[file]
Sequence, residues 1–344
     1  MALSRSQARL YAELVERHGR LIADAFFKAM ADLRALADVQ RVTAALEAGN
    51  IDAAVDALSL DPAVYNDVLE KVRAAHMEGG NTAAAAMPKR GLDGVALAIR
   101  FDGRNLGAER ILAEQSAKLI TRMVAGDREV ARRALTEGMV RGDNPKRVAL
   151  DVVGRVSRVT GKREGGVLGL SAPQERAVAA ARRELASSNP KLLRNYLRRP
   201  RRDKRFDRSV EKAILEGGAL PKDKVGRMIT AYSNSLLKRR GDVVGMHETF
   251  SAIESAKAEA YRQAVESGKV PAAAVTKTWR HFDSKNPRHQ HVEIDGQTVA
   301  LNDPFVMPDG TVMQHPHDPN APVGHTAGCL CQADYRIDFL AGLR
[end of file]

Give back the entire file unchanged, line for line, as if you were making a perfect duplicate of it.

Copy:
Sequence, residues 1–344
     1  MALSRSQARL YAELVERHGR LIADAFFKAM ADLRALADVQ RVTAALEAGN
    51  IDAAVDALSL DPAVYNDVLE KVRAAHMEGG NTAAAAMPKR GLDGVALAIR
   101  FDGRNLGAER ILAEQSAKLI TRMVAGDREV ARRALTEGMV RGDNPKRVAL
   151  DVVGRVSRVT GKREGGVLGL SAPQERAVAA ARRELASSNP KLLRNYLRRP
   201  RRDKRFDRSV EKAILEGGAL PKDKVGRMIT AYSNSLLKRR GDVVGMHETF
   251  SAIESAKAEA YRQAVESGKV PAAAVTKTWR HFDSKNPRHQ HVEIDGQTVA
   301  LNDPFVMPDG TVMQHPHDPN APVGHTAGCL CQADYRIDFL AGLR